I got a good chuckle from the iPad thing when I realized he'd used it as a cutting board. Have to wonder if the dialogue added anything.

I wrote a long time ago about global warming, wondering what tune the "deniers" would be singing when the ocean inundated their beachfront properties. Oh well, it's their loss (or their heirs').

The war on women doing a number on me and my blood pressure! My dad was an OB/GYN (and, interestingly, a lifelong Republican). Amazing what a little education, compassion, and open-mindedness can do.

I'm extremely disappointed to hear about the age restriction on Mt. Everest. A lot of 60+ mountaineers have made that climb. My guess is the restriction was an easy, purely arbitrary solution to the extreme over-crowding on the mountain in recent years (yep, there are life-threatening traffic jams even up there). My heartiest congratulations to Ms. Masheter on bagging "The Seven Summits," mountaineering's greatest achievement.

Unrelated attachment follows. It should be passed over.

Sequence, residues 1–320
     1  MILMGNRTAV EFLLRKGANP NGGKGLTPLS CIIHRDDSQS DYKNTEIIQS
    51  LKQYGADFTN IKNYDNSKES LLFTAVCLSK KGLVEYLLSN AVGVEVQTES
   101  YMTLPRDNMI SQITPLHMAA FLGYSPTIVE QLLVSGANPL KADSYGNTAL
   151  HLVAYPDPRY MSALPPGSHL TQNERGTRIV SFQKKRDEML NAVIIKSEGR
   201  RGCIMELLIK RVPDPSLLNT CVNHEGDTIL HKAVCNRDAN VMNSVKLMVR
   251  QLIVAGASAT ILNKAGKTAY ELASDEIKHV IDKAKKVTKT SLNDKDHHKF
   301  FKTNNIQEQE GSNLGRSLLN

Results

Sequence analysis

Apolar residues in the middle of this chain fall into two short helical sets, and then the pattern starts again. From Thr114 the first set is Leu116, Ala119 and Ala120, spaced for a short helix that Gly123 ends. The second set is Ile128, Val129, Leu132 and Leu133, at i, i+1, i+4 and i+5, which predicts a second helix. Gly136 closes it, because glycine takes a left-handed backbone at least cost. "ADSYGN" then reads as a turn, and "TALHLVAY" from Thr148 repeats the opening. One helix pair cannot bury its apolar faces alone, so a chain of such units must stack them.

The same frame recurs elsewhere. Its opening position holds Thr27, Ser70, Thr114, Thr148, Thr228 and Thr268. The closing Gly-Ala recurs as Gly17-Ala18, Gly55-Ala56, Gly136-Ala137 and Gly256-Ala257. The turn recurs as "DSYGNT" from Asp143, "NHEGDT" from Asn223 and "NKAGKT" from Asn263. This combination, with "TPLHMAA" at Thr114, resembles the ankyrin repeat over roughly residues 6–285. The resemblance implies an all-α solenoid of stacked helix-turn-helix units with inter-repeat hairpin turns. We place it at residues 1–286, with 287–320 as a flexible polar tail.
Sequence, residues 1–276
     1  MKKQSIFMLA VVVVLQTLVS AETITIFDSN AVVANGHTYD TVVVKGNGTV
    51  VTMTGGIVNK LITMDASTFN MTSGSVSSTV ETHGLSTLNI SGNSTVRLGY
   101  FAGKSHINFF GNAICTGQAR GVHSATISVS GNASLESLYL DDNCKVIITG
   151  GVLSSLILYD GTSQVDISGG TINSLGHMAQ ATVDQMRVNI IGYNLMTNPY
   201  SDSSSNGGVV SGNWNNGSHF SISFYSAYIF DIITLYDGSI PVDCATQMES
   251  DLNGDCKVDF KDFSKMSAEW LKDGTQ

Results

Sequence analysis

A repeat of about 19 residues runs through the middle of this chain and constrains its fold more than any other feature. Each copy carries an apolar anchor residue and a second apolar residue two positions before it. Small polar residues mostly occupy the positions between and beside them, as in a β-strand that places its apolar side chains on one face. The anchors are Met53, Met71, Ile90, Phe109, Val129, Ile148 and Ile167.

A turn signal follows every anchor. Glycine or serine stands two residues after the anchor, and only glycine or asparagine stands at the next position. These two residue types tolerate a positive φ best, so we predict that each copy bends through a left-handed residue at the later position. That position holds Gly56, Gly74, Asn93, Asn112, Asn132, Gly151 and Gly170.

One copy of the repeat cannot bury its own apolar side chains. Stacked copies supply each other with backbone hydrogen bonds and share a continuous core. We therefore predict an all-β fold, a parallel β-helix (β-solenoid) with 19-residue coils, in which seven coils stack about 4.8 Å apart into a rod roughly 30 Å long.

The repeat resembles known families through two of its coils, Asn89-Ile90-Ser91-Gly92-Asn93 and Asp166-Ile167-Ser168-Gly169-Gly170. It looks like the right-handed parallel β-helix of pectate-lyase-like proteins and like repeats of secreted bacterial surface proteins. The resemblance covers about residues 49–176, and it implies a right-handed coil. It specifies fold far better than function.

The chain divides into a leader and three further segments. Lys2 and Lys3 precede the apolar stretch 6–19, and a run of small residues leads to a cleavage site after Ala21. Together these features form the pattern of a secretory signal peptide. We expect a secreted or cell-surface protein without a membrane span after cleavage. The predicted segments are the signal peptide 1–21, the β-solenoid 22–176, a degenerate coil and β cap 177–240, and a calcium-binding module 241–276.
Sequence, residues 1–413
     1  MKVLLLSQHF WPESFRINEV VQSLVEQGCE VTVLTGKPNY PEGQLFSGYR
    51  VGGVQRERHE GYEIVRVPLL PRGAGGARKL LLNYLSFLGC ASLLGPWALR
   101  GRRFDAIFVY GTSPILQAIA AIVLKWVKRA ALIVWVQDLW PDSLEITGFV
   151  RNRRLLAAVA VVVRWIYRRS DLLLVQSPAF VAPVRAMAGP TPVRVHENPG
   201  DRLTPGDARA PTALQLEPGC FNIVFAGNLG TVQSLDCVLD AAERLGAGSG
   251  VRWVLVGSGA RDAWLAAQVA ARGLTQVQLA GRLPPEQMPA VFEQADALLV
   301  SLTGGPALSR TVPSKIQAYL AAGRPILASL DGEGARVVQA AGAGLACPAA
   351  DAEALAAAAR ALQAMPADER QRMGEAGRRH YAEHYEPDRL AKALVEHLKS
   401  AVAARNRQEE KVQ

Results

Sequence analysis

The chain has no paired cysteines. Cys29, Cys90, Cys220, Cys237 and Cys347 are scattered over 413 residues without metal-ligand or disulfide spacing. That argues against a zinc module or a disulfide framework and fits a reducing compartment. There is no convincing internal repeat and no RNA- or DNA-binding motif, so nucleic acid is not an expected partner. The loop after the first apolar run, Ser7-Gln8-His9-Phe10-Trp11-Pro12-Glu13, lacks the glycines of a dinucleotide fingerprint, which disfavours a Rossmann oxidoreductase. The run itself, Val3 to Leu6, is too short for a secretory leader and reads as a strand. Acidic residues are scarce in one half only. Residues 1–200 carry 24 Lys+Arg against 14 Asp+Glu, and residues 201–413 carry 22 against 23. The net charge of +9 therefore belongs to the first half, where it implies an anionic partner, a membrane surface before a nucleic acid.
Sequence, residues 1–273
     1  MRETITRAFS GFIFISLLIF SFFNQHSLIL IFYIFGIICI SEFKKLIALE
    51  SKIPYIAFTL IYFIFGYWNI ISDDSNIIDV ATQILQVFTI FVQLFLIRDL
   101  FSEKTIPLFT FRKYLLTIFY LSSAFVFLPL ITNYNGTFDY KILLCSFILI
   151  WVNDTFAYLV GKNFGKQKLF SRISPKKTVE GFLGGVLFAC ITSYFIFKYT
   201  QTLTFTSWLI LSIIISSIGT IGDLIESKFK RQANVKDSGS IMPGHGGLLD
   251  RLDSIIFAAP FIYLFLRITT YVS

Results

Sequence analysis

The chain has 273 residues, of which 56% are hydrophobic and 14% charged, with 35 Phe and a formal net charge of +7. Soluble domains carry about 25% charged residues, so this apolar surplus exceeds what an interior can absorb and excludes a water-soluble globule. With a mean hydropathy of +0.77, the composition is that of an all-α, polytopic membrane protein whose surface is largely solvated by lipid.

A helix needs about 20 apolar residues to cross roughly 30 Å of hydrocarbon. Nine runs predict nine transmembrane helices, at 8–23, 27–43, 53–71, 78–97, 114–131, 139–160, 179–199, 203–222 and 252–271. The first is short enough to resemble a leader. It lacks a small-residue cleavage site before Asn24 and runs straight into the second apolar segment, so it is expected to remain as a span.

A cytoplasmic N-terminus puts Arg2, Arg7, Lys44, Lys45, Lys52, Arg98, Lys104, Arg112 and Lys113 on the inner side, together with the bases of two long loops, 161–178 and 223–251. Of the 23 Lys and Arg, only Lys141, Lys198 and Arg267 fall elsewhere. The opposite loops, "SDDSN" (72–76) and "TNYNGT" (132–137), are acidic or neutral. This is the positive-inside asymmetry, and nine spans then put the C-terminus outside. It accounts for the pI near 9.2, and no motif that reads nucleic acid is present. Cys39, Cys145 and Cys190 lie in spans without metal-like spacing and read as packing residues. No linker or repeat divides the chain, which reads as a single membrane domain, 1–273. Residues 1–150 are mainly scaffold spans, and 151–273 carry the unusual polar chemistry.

"Truth is stranger than fiction." Look forward to seeing this seasons "Mad Men" when it gets to DVD. I think that show is pretty on target for telling it like it was in the late 50's and into 60's, so far. You didn't have to be living in NYC, interacting with the big advt. agencies, or TV stations to encounter people, attitude and events they portray.

Thanks, Nancy! I have a fan club of two (if you include Ronni).

Seriously, what a pleasure to be associated with Time Goes By. It's way beyond simply a blog, now. Ronni has turned it into the spot for everybody over fifty.